As I type this article the entire baseball loving world is anxiously awaiting the word on whether the weather will cooperate and allow the first game of the World Series of Baseball between the New York Yankees and Philadelphia Phillies to go forward tonight.
Will the storm that has been dumping rain on the northeast United States since yesterday move out before nightfall or will Game 1 be rained out?
I have one question. Who the hell cares?
Do is not bother anyone else that the third game of the World Series is scheduled for Halloween? Are the players going to don costumes, and carry little bags for their tricks and treats? Will they shower the fans in the stands with miniature chocolate bars and popcorn balls?
If the series goes seven games and we get some early snow, which by the way, we already have had here in the northeast, nearly a month ago, will they play in snowshoes? Or perhaps skis? Or toboggans? Can you put pinstripes on parkas or would that be a fashion disaster?
If one player turns in an especially good performance over the length of the series will the media name him Mr. November? Or Mr. Thanksgiving? Will a home run be labelled The Turkey Trot? Does anyone really care? Other than the residents of New York and Philadelphia?
Let's get this right up front.
IT IS FOOTBALL SEASON. BASEBALL ENDED IN SEPTEMBER - OR SHOULD HAVE!
There is no viable reason to play baseball in late fall. No matter what happens, even if one team sweeps the series, at least one game will be played in November. Why?
The fourth games of the series will be played Sunday, in Philadelphia beginning at 8:20 p.m. when the temperature will be headed straight for the cellar. Do you know why it isn't advisable to play baseball in the cold? Let's start with snapped muscles, torn rotator cuffs, especially with pitchers, pulled hamstrings and torn ligaments for starters.
Baseball players do way too much standing around to play in cold weather. Football players on the other hand, get lined up, squat, stand up, bend over, roll, tumble and run all over the field throughout the game. If it seems like their muscles may be getting tight, they get on a stationary bike on the sidelines and pedal to keep things warmed up.
But even in the best weather baseball players can stand around like statues for inning after inning if the pitching is going well. But do all that standing around in the cold, and their hamstrings will freeze like Popsicles.
Suddenly, the cold gets into the pitchers' shoulders and arms, the hits start coming and guys who had looked like Greek art forms for six innings are supposed to come to life with the utmost in speed and flexibility, literally in an instant. Good luck on that one.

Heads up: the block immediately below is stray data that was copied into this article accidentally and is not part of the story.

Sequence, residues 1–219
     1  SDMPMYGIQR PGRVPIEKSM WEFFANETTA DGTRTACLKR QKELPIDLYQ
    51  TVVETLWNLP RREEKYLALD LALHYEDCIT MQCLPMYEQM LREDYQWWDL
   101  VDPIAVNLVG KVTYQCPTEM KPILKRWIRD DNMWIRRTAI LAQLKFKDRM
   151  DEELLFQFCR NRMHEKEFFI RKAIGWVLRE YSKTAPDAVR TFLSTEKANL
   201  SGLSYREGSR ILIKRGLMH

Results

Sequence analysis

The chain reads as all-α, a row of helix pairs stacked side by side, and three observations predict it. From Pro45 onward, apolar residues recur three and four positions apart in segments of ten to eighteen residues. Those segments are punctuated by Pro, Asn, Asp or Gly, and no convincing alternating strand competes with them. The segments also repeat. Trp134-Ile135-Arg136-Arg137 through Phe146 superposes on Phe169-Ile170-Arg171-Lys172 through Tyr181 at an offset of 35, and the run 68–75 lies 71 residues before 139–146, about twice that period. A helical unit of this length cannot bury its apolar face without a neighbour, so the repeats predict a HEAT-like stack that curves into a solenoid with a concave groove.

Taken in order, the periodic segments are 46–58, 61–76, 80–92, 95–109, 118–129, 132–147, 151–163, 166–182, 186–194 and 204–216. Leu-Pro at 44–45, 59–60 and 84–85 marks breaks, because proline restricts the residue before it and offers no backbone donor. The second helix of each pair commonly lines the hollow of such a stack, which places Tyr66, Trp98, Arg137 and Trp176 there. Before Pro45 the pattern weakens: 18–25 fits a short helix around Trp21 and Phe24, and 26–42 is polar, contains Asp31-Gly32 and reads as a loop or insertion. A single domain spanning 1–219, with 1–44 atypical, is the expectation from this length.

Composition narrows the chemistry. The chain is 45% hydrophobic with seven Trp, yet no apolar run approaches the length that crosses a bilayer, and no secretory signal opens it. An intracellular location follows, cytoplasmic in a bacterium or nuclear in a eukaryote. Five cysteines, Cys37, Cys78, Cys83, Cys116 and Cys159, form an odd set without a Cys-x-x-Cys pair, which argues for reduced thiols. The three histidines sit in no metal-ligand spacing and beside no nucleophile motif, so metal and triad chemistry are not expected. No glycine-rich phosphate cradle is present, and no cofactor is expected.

I have to admit I WILL be watching New York at Philly on Sunday. But it will be the Giants at the Eagles at 1 p.m., not the Yankees at the Phillies at night. Sorry FOX, if there is a good football game on Sunday night it will take precedence over the b'ball broadcast. At least on my TV.
This is, after all, the mid-point in the football season. Week 8. The Giants got off to a great start 5 - 0, but now have lost two in a row. They need their number one fan to be there for them and I can't be distracted.
How did this happen anyway? The World Series I mean, not the Giants stall-out. I'll admit I have not been all that interested in baseball ever since the strike. Yes, I do understand that many of the current fans weren't even born then, but I also am a former baseball fan who once watched Mickey Mantle hit a home run off the monuments in Center Field of Yankee Stadium in 1961. I have my memories and they aren't about spoiled coddled millionaires who get dressed in opulent clubhouses, not old-time locker rooms.
Did you know that there were games in Mickey Mantle's career where he hit home runs from both sides of the plate and the Yankees still lost the game? But did he pout, and run to the media, and go on strike for higher wages? NO, he went out and played the next game.
So I don't know, nor do I care, when we went from the team with the most wins in the National League playing the team with the most wins in the American League. Now we have divisional playoffs, and round robins and odd-man-outs, or so it seems, and somehow, halfway through the football season, the sports channels are dividing their time between football and a World Series that should have been over a month ago.
I'll admit, I'm not really a fan of the pre-season exhibition games in the NFL either. It's bad enough to have training camp in August, what with the heat and all the equipment that football players wear. I think there is too much of a risk of injury to the players before the season even begins.
It seems that one way or another money is the driving factor in all these decisions and if there is a way to get the fans in the stands or in front of their TVs, then possible injuries either pre- or post-season will just have to become part of the scene.
Maybe I'm just not willing to accept all these changes that are made not for the sport, but for the money they generate.
I grew up playing baseball in the spring and summer, and football in the fall and winter. When the weather gets really cold you play hockey outside and basketball inside. That should be a law.
I admit that some of the most fun I ever had in the winter was playing football on frozen lakes in upstate New York. It was a blast and was probably more fun than playing football in the rain and the mud which also has its moments.
But baseball on Halloween? Baseball in November?
Baseball when there is a better than even chance of snow? I'm sorry there are just some things in life that go together - like meat and potatoes, beef stew and cold beer, or popcorn and movies. But baseball and November?
Man that sends chills up my spine. And not in a good way.
Wednesday, October 28, 2009